6 October 2012

Fun (Davidson Quarter Tonner)

Laurie Davidson had made his mark in the early 1970s with his heavy displacement Half Tonners Blitzkreig and Tramp. However, after they had been beaten by Farr's Titus Canby, Davidson, as with Paul Whiting, began looking more closely at the light displacement concept, the validity of which had been further underscored by the success of the 727 design in the 1974 Quarter Ton Cup. He felt that the 727 and Titus Canby were too long in terms of rated length and disproportionately short on sail area. 

Davidson also sought to take advantage of the loophole in the IOR that had been exposed by the Britton Chance designed centreboarder Resolute Salmon in the 1976 One Ton Cup. With stability able to be achieved with internal ballast, the boat would gain a huge advantage over conventional fixed-keel Quarter Tonners, and so a centreboard was a designed as a central component of the yacht (the centreboard was just heavy enough to sink). The centreboard also allowed the yacht to be trailerable, so long as the beam was confined to the NZ trailering limit of 2.49m. A lifting rudder and skeg was contained in a cassette slot in the cockpit.
Fun soon after her launching in mid-1976
The boat was a beautifully proportioned design, with a graceful long sloping transom and a gentle slope to her stem, and featuring what would become the Davidson trademark curved forefoot. Two boats built in the US, but modified to meet more restrictive beam requirements and moded for lighter airs. The success of these boats convinced Davidson to proceed with his own version to challenge for the 1976 Quarter Ton Cup, named Fun.
Fun finishing second in the first race of the 1976 QTC

Fun wasn't launched in time for the 1976 NZ Quarter Ton nationals, but in the brief period before being shipped to Corpus Christi (Texas) she showed her competitiveness against the Whiting Magic Bus. Fun finished 5th overall in the Quarter Ton Cup, where a lack of time for tuning and crew training proved costly and meant that Fun was not able to reach her full potential, and a disqualification in the second race did not help her cause. Observers considered that Fun was the fastest yacht overall, however, especially on broad reaching legs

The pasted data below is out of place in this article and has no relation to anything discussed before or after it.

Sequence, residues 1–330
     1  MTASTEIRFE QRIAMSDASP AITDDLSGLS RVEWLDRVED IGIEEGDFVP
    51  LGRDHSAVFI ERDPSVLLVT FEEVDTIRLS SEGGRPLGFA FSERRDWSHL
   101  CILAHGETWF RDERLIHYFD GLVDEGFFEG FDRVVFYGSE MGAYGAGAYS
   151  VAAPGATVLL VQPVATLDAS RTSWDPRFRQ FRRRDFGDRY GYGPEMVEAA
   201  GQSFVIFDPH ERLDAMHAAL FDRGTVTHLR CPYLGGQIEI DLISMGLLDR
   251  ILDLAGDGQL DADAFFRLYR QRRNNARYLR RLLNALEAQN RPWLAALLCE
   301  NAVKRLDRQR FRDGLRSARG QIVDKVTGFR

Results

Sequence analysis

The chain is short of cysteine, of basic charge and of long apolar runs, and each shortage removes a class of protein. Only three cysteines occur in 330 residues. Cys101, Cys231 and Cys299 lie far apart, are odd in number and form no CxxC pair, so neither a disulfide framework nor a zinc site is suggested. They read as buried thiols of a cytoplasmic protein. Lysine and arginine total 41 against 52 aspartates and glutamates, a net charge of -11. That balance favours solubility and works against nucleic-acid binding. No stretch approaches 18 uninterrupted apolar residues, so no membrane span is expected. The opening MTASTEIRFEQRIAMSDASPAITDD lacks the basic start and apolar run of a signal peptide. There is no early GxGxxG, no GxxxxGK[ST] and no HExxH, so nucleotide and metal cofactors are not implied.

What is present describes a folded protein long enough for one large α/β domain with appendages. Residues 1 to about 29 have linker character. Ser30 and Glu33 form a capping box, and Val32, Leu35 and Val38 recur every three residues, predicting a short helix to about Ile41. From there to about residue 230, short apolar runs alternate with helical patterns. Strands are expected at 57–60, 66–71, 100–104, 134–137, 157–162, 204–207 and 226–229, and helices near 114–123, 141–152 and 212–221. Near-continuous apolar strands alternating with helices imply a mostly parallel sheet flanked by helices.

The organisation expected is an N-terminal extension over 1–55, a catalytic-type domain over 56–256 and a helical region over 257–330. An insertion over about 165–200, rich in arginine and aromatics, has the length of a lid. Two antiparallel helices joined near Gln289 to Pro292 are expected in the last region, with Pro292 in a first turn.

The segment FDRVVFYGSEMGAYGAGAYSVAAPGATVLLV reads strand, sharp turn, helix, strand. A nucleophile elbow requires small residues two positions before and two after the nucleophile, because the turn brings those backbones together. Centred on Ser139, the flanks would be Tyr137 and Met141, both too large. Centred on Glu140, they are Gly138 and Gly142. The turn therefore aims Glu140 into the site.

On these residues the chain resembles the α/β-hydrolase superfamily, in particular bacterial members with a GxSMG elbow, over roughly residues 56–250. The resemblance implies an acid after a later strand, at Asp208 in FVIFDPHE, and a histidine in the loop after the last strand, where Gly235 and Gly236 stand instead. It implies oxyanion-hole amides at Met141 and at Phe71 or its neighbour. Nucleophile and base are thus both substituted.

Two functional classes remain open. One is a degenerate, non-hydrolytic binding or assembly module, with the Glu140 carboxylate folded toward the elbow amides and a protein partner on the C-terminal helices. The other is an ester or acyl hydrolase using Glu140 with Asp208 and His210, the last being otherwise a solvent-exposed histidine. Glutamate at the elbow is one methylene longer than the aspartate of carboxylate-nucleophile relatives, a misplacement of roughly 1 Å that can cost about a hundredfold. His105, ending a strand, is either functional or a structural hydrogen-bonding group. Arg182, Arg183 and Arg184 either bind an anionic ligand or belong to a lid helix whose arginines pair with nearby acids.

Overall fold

Fun sails to weather of the Holland design Business Machine (photo Gary Baigent Collection)
Fun's campaign to the US proved to be another one way trip for a New Zealand yacht, with return shipping costs being too high for a campaign that had been run on a strict budget. Fun was sold to North American Clay Bernard, who went on to win the North American Quarter Ton championship in 1977.
Featuring new 1970s graphics, Fun went on to win the 1977 North American Quarter Ton championships with a come from behind win over the Peterson design Blitz
Fun later sailed in the 1977 Quarter Ton Cup held in Helsinki where she finished a creditable 5th in a fleet of 53 boats, with results of 1/13/9/13/1. She started and finished well, and was a pre-series favourite, but fell away in the middle part of the series. She finished 2nd in the North American Quarter Ton series, but in a reduced fleet of just nine yachts.

Fun undergoes a stability test in Helsinki (Quarter Ton Cup 1977)
Fun, circa 1997
The yacht has since been restored and sails today in San Francisco - she now has a new retractable keel, and a transom mounted rudder, and a new custom design has provided the correct balance for the yacht.
 Fun as she is today in San Francisco, US (photo courtesy of Craig aka CRM)

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